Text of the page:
Again, I really appreciate all that you have done in these realms.  The big trouble now is that I am running short on time!  In just about five weeks I will be leaving Riyadh for good – and I have a multitude of things to windup there - plus many personal things such as packing and shipping my hold-baggage, etc., etc.  Yes, I hope you won’t mind too much but I am going to have to cut down on writing you --- and I still have dozens of letters to write before I start my return journey.

            It’s hard to say just what my itinerary for return will be at present – but it looks now as though I’ll leave Riyadh around the 24th of May and leave Dhahran possibly on the 29th.  The flight across the Orient & Pacific takes from 5 days to a week, but I will most likely stop off for a week at Bangkok.  When I do get back, I will have to go from Travis AF Base to the Oakland Army Terminal.  It’s hard to say just how long it will take to get separated – maybe a couple of days, maybe a week or more …?  Then I have promised that I would go down to Pacific Grove to see dear friends.  If and how I will be able to do this, I still don’t know!  About the only thing I can say is that I should be home in June --- and that isn’t for sure! 

            Well, Mom & Dad, I must close for now and get a little shut-eye.  I hope everything is going well for you there.

                        Goodnight – Love - Keith

LETTER – from Riyadh, Saudi Arabia

6 May 1961


Dear Mom & Dad -

Well, I haven’t been much for writing lately – and this one will have to be a fast one.  Yes, time is going just too fast to get everything done that I want to before I leave.  Only 18 days left in Riyadh!

            Right now I am trying, among many other things, to get all my JUNK boxed up so that I can ship my “hold baggage.”  This is 200 pounds that I am allowed to ship from here other than what I will carry with me on the plane.  It will be shipped in a wooden crate home to Corning.  As it will be coming by commercial carrier across the States (from East Coast,) I will probably be home before it gets there, but if by chance I’m not there, at least you will know what it is.  It’s a heck of a job getting it all together and crated.  Boy! Can I accumulate the junk!  Most of it will be odds and ends that I’ve picked up here in Arabia and on my trips, plus some of my personal belongings. 

            Also, I have sent (and most likely will be sending) some packages thru the mail to you.  A box of 10 head scarves which I sent by first class mail should be reaching you before too long.  They are not very fancy, but at least they are a souvenir of Arabia.  By the way, they are for you women folk in the family.  I guess you can get them distributed for me. .?

            You also will probably soon be getting my processed slides there, as I am using your address because there is not enough time remaining to be assured of getting them here.  The majority of them, though, I have already had processed and will be bringing them with me or sending them hold baggage.

            Here’s some more stamps for the Craigs and also some Lebanese Pounds for Dave, Steve and Johnny.  They’re worth about 33¢ (and about all I came back from Lebanon with!)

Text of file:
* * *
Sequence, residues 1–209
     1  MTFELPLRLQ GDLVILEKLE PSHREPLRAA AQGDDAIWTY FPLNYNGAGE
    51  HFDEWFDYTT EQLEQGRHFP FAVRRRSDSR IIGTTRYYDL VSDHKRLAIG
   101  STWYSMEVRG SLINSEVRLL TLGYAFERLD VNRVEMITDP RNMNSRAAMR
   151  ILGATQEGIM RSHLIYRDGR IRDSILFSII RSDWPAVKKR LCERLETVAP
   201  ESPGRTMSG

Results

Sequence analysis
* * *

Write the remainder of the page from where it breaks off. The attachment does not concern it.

Well I must close for now - - - Please excuse my not writing very often.  I guess I can now say that I’ll be seeing you “next month” – just a little over one month and I should be back in the States and heading home. 

                                                                        Love & Happy Mother’s Day Mom –


LETTER – from Riyadh, Saudi Arabia

22 May 1961


Dear Mom & Dad,

            Just a VERY FAST note to say HI and GOODBYE (from Arabia, that is.)  I am leaving Riyadh in 2 days – the 24th – for Dhahran.  It looks like I will be spending a few days there at the Base clearing up everything and clearing out my records etc.  Then I am scheduled to fly out Monday morning, the 29th of May, on the Embassy Flight.  Yes, unless there is a very last minute change, I will be coming back to the States via the Orient and Pacific.  (I can’t remember if I told you that there was a chance that I would have to come back across the Atlantic to Charleston AFB, S.C., and get separated on the East Coast.  However, that possibility is pretty slim now.  As it stands, I leave Dhahran Monday, stopping briefly at Karachi, Pakistan, arriving in New Delhi, India, that afternoon.  There we spend the night, the next day and that night, leaving New Delhi Wednesday morning for Bangkok.  There I will stay for a week on leave, and then head for Manila in the Philippines.  After a fairly short stop there we hit a few of the islands (including possibly Hawaii) and landing at Travis AFB probably on the 9th of June (Friday.)  Of course this is just the schedule and is subject to change for many reasons (i.e. weather delays, winds, current flight plans, and a dozen other things.)  From Travis, I will most likely have to report on either the day of arrival or the following day to Oakland Army Terminal.  No telling how long it will take there – possibly just a few hours, maybe a day or two, or it may even run into weeks.  Anyway, don’t look for me until you see me coming (to use an old expression)  - - I’ll give you a call as soon as I can when I hit the States.